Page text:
When Charles Colton coined the idiom “imitation is the sincerest of flattery” in 1820, he couldn’t have foreseen the effect those words have had on recent music copyright litigation.
He meant that you could flatter someone by imitating them, but you may not realize you are flattering. Or copying. That is the basis for a tsunami of infringement lawsuits that followed the ruling against Robin Thicke and Pharrell Williams for their 2014 song “Blurred Lines,” which the court said infringed on “Got to Give It Up,” Marvin Gaye’s 1977 hit.
But the court didn’t rule because “Blurred Lines” imitated Mr. Gaye’s words or melody. Instead, Mr. Thicke and Mr. Williams had to cough up $5 million because their song was too reminiscent of the “vibe” Mr. Gaye had created.
“Blurred Lines” set a precedent because it propelled the court to expand what copyright infringement means in the music industry. Before the 2015 ruling, only lyrics and melodies were protected under copyright law. For example, the Chiffons’ 1976 lawsuit against George Harrison was successful because his song “My Sweet Lord” overwhelmingly imitated their composition of “He’s So Fine.”
Now, more abstract concepts are being protected, such as the general ‘feel’ of a song. This is problematic, according to forensic musicologist Sandy Wilbur, who testified as an expert witness in the “Blurred Lines” trial. “Cases are decided by juries, the average listener, who is not an educated musicologist or musician,” she said. Wilbur added that music company requests for her to evaluate new songs before they are released have tripled since the ruling.
A 2019 jury continued to blur the lines by finding pop star Katy Perry copied the beat for “Dark Horse” from an obscure song by a Christian rapper known as Flame. She was ordered to pay millions. Ms. Perry’s lawyer, Christine Lepera, said in closing arguments, “They’re trying to own basic building blocks of music, the alphabet of music that should be available to everyone.” Lepera also suggested that infringement lawsuits target megahits because plaintiffs see the opportunity to tap into huge sums of money.
On March 11, the Ninth Circuit Court of Appeals agreed with Ms. Lepera and overturned Ms. Perry’s jury trial verdict for $2.8 million. At issue were the repeating instrumental figures, or ostinatos, between “Dark Horse” and Flame’s “Joyful Noise.” The court concluded that the ostinatos were comprised of commonplace elements and not an original combination unique to “Joyful Flame,” which supports Ms. Lepera’s claim about music’s building blocks.
Despite winning her appeal, Ms. Perry was subjected to extended litigation and attorney’s fees, not to mention a drain on her time and emotions. Many record labels now budget for musicologists to vet new releases. Still, litigation has become so threatening that many songwriters and recording artists who cannot afford musicologists rely on pricey Errors-and-Omissions (E&O) insurance policies to allay their fears.
Musicians and songwriters who lose copyright lawsuits are covered in some cases for several million dollars in losses under E&O policies. Alliant Insurance Services Vice President Joe Charles estimates that about half of his A-list clients who already pay for tour and other industry insurance are interested in E&O insurance. Coverage runs from $20,000 to $250,000 a year, depending on earlier legal challenges and audience draw.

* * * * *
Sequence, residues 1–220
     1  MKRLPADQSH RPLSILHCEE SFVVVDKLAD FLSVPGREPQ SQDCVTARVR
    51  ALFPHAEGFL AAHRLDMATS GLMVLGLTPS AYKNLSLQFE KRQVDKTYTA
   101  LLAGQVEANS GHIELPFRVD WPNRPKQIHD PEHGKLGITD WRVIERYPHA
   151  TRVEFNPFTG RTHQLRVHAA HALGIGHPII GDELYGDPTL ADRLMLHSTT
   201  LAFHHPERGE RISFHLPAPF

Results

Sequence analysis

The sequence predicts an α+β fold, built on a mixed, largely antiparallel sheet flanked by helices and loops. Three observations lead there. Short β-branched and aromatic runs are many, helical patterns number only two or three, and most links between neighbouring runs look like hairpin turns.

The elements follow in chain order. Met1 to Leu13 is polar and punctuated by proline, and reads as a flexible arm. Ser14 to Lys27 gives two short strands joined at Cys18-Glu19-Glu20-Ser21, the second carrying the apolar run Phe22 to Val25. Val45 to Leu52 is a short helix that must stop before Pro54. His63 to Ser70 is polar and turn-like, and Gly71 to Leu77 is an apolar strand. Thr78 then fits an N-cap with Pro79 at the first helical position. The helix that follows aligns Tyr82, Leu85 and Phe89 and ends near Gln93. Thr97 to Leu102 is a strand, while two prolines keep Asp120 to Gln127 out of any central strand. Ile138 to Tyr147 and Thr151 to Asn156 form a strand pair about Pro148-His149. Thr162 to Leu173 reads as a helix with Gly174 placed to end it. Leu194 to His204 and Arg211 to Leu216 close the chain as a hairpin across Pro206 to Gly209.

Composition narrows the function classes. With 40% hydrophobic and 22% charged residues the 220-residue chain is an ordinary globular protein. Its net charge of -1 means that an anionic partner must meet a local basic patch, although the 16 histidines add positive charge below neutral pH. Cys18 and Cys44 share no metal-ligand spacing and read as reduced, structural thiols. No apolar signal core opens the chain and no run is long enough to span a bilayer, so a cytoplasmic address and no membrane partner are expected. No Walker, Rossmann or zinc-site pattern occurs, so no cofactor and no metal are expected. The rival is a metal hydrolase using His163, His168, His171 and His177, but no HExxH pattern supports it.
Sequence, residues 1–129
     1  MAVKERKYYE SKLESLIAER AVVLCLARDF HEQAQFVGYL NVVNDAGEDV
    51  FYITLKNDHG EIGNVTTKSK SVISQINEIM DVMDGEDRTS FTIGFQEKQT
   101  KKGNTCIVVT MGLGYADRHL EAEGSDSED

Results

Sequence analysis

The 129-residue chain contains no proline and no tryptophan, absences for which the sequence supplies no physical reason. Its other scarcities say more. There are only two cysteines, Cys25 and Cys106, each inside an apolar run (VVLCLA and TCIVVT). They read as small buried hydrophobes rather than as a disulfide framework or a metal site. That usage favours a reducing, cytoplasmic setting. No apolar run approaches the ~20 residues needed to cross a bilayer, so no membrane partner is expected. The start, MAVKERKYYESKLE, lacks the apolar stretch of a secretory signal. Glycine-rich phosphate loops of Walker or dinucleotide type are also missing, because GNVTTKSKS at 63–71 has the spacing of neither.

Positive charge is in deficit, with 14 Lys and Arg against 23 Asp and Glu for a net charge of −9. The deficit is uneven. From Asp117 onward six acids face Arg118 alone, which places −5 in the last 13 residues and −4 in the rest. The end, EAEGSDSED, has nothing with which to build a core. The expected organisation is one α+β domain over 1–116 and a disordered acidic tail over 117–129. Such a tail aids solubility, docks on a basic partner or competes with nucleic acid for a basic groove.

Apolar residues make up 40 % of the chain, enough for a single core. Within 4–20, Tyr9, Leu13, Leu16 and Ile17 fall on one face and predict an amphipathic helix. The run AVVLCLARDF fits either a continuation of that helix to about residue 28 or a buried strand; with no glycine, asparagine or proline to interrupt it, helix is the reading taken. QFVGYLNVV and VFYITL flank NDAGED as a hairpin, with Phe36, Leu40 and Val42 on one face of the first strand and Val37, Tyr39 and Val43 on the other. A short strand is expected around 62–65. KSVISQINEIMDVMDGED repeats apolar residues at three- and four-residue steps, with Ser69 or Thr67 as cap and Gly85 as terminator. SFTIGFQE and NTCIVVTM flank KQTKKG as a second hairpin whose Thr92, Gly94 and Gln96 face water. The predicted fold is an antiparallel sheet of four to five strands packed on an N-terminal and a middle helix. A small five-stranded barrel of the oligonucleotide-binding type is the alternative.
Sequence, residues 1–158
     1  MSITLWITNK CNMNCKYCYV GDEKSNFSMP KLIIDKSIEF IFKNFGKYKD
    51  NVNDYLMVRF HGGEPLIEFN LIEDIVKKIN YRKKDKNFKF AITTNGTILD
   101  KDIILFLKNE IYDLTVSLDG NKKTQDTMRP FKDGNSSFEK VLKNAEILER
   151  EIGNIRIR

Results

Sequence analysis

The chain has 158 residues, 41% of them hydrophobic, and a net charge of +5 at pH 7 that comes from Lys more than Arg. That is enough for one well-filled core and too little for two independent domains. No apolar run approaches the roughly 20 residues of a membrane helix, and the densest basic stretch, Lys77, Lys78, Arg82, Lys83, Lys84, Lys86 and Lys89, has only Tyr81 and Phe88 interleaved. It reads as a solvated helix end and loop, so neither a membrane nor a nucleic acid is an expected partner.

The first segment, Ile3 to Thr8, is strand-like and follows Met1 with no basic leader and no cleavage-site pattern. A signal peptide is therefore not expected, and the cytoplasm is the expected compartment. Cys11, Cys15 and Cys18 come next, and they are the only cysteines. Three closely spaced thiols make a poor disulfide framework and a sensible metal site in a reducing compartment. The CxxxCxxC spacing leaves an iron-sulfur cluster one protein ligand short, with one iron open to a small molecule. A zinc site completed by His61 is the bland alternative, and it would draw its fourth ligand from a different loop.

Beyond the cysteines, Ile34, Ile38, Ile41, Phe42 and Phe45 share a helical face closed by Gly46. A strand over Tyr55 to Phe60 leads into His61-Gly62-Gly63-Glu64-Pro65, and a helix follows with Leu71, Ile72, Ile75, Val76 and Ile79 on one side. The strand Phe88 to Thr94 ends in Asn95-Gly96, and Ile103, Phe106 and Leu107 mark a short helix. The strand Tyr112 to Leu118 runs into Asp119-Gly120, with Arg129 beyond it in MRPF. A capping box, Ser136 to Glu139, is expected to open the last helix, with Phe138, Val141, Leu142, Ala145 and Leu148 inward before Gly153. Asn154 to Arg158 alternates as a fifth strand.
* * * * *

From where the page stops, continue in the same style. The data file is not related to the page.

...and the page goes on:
The copyright litigation risk has also increased because inexpensive music production software is readily available and offers the same features to all musicians. Producer and songwriter Ross Golan, who has worked with pop stars Justin Bieber and Ariana Grande, explained, “People are using the same sample packs, the same plug-ins because it’s efficient.” He echoed what Ms. Lepera said in Katy Perry’s closing arguments. There are only a finite number of notes, chord progressions, and melodies to which all musicians must avail themselves.
The 2014 lawsuit filed against Led Zeppelin, claiming Robert Plant’s and Jimmy Page’s classic “Stairway to Heaven” violated copyright laws because of its similarity in part to the psychedelic band Spirit’s song “Taurus,” was recently decided by the 9th Circuit Court of Appeals in San Francisco. The court sided with Led Zeppelin and also overturned the inverse ratio rule, a controversial precedent the court had used in earlier copyright cases. The inverse ratio rule in the past could be invoked if a plaintiff could prove the infringing party had broad access to the work in dispute. If broad access is determined, the courts accepted a lower standard of proof to determine if the newer song infringed on the older one.
Spirit’s appeal to the U.S. Supreme Court was turned down, leaving the final ruling with the 9th Circuit. From the beginning, the case centered on exactly how registration documents protect old songs under the Copyright Act of 1909 and whether copyright extends to common chord progressions or short sequences of notes.
A jury ruled against Spirit in 2016, but the case resurfaced in 2018 when a three-judge panel from the 9th Circuit ruled for a new trial, opining that trial Judge Gary Klausner incorrectly instructed the jury by not mentioning the inverse ratio rule. Led Zeppelin appealed and asked for a larger panel of judges to rehear the case. That request was granted, and an 11-judge panel heard the appeal in September 2019, issuing a ruling in favor of Led Zeppelin in 2020.
Music industry and legal scholars hope, with the Led Zeppelin decision, more clarity will be applied to music copyright lawsuits, which most agree should be determined by concrete instead of elusive elements. Judge Margaret McKeown recognized the legal quagmire that past decisions have caused. “The trial and appeal process has been a long climb up the Stairway to Heaven,” she wrote in the 73-page court’s decision.